Ah, my cuddle-bug Drewbie.  Otherwise known as Drewbalicious, Drewster, the Big D, and Drewbles.  There has never been a little brother so doted on.  He is the biggest flirt you will ever meet and his smile and laugh are incredible.  He weighs in at eighteen pounds, ladies and gentlemen, and has rolls upon rolls of delicious baby chub.  He loves to eat, take tubbies, eat, lay around naked, eat, stand in his exersaucer, eat some more, and did I mention EAT.  He makes my heart swell with happiness, our family complete, and I cannot imagine our lives without him.

The sleeping thing has been rough.  When he was about three weeks old, he did a few nights of seven hours, making me think I had hit the sleep jackpot again.  It turns out that was kind of a cruel teaser.  From weeks four through twelve, he refused to sleep until at least eleven or midnight.  And then it was up every hour to hour and a half all night.  A two hour stretch was a luxury.  I was exhausted, especially after I returned to work when he was eleven weeks old.

Week 13 was when he started sleeping better and there wasn't a darn thing I did differently.  But he still has a very late bedtime.  It is unusual to get him down before ten, and eleven is far more common, and sometimes, it is still midnight before he is settled.  Both Will and Emma had a 7:30/8 bedtime by this point, so this night owl behavior is a bit of a shock to my system.  After he goes down for the night, we are usually blessed with at least a six hour stretch, and there have been some eight and ten hour stretches in there.  But the late bedtime is still a challenge.  We did CIO with Will, and I think we'll do that again in a month or so if his bedtime is still this late, but I keep hoping it will resolve on its own.  He is taking a morning nap on his own, in his crib, going down drowsy but away.  He will fall asleep for his afternoon nap in his crib, but still has to be transferred to his swing to finish the nap off.  So naps are actually going pretty well, and he is getting (for the most part) an eight hour stretch, so I don't really know if I can expect much more from him at this point.  I have been fortunate with my first two and their sleep habits, so it was really my turn to get a true non-sleeper, so I can't complain too much.

We started solids with him right at four months and he took to it like a champ.  This is not really surprising, as all of my kiddos have been READY for their solids.  We chose pears as his first solid (since our pediatrician had recommended a bit of rice cereal in his bottle at three months to see if that would help with sleep) and he ate one and one half containers at his first attempt.  That must set some sort of record.  Thank goodness I make my own baby food, or I'd have to get a second job to keep us in Gerber. 

He still hasn't rolled over in either direction and his tongue still sticks out more often that I think is normal, but his head control seems on par with normal.  He stands up in his exersaucer without issue and can reach for toys and tries to hold his own bottle.  For the time being, we are waiting to see what happens with his muscle tone.  No serious cause was identified, and some babies outgrow it, so we are just hoping that is what it is.  We'll follow up at six months to make sure there isn't anything we need to be doing.  He still has his heart murmur, but it hasn't given us any issues.  I am glad we know that it is benign, as we took him in to the walk in clinic the other day with a virus, and the doctor seemed a bit alarmed by how loud it was.  It was comforting to be able to tell him that we know about it and have been seen by a pediatric cardiologist and all is well.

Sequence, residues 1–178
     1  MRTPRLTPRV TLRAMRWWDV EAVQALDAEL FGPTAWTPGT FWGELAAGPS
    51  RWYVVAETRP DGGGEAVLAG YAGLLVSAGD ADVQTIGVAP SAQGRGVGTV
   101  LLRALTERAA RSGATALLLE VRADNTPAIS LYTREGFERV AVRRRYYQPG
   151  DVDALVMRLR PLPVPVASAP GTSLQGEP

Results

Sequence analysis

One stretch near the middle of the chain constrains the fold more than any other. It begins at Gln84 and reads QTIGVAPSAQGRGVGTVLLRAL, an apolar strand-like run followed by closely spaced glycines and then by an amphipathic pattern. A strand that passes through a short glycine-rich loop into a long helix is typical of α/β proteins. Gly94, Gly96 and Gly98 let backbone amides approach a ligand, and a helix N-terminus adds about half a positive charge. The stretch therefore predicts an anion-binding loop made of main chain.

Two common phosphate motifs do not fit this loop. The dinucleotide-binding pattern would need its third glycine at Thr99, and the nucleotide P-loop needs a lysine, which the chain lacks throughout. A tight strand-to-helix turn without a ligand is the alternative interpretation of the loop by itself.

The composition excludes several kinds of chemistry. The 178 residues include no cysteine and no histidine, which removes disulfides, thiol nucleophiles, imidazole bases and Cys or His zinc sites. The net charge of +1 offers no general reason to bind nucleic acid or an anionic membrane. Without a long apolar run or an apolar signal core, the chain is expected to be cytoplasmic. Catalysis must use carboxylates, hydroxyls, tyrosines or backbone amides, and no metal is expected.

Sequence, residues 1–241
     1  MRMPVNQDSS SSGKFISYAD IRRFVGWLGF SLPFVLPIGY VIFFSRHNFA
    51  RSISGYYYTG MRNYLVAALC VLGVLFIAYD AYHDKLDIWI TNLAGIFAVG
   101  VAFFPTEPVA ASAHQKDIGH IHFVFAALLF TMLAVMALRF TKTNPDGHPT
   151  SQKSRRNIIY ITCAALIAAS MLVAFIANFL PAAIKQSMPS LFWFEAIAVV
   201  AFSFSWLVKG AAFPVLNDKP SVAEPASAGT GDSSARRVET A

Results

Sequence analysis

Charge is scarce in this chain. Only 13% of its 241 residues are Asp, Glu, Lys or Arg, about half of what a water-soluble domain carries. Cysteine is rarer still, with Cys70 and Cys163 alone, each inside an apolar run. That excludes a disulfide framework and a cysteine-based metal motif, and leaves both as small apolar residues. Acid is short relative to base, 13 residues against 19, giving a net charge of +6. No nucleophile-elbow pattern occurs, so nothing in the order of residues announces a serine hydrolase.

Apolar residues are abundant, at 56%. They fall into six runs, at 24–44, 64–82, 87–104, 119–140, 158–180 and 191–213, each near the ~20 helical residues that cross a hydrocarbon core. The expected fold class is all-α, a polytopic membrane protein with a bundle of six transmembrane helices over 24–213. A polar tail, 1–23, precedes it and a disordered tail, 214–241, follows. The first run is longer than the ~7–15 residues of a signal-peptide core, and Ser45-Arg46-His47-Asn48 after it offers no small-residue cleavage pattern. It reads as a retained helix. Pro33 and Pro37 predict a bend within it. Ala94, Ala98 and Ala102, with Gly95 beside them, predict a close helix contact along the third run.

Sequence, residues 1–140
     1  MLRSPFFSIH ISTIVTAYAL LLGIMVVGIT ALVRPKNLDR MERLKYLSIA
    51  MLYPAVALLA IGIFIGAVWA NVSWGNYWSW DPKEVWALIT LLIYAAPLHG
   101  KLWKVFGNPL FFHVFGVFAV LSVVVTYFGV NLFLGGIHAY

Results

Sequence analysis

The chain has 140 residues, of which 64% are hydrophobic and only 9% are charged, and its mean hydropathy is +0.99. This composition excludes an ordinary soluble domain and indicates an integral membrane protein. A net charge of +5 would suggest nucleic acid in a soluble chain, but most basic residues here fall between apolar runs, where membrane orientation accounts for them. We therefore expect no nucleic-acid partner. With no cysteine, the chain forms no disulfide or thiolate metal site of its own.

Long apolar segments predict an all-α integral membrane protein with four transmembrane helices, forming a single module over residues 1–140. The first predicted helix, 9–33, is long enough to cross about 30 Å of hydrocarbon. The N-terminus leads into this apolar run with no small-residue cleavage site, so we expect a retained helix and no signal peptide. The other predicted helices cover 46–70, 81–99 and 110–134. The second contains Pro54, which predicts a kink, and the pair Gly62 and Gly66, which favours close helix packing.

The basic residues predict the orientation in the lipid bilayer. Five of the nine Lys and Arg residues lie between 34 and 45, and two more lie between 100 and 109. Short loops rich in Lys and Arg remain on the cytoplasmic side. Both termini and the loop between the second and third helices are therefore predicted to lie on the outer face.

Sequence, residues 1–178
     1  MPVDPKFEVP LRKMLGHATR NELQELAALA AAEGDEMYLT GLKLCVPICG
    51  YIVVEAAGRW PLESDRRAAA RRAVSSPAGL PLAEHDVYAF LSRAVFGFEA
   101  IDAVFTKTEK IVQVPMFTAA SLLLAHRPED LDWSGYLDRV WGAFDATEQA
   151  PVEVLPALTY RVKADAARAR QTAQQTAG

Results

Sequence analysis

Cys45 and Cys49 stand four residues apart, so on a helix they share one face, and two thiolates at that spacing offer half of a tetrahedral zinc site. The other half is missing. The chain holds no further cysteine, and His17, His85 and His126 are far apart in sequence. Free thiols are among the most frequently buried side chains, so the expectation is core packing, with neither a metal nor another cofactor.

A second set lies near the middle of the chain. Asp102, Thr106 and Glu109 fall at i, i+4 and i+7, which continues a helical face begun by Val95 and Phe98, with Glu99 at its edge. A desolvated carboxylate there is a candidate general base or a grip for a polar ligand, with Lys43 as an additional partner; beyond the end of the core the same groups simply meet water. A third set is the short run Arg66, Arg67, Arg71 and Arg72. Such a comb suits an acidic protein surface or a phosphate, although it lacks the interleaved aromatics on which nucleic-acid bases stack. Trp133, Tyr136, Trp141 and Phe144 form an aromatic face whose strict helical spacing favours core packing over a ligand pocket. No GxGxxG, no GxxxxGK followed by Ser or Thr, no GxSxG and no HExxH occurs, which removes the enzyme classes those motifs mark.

Besides going back to work, I am feeling okay.  I am not happy with my body.  I gained forty pounds with Drew and started the pregnancy ten pounds heavier than with my previous pregnancies.  The result was  that the scale almost hit a very scary number I'd rather not think about.  And even after losing thirty of my pregnancy pounds, I still am only five pounds lighter right now than I was when I gave birth to Will and Emma.  I really need to lose about twenty five pounds to be happy, though I'd take a solid fifteen right now.  I haven't figured out how to fit in exercising into my daily schedule quite yet.  When I am done with work, I want to be home with the kidlets, not at the gym, and it hasn't really been warm enough to take long walks with them.  Plus, I can't expect Will to walk at the pace and length I need to bust off some of these pounds and shape up, so again, it's time with them or time for work out and I choose them.  I am hoping that when the weather gets nicer, we  can get out more, and when Drew starts going to bed earlier, I can go the gym after everyone is in bed.  I also need to work on cutting some calories, but when I did that ealier, it really impacted my milk supply.  Now that I am pumping so much, I can see how much and what I eat impacts my milk. 

Speaking of pumping. . . UGH.  I have gotten used to it, I suppose, and definitely learned some tricks along the way.  But I still don't like it.  I had to let go of the very real fact that I am not going to be able to pump enough to meet his needs.  I have to live with the fact that he gets between one to two bottles of formula a day.  It was hard at first, but the stress of trying to keep up with him actually made my supply go down.  I found that when I just let it go, I actually pumped more. 

So, that's where we are right now.  As you can see, updating my blog has fallen way down on the priority list, but I am still here and checking in on all of you when I can find the time.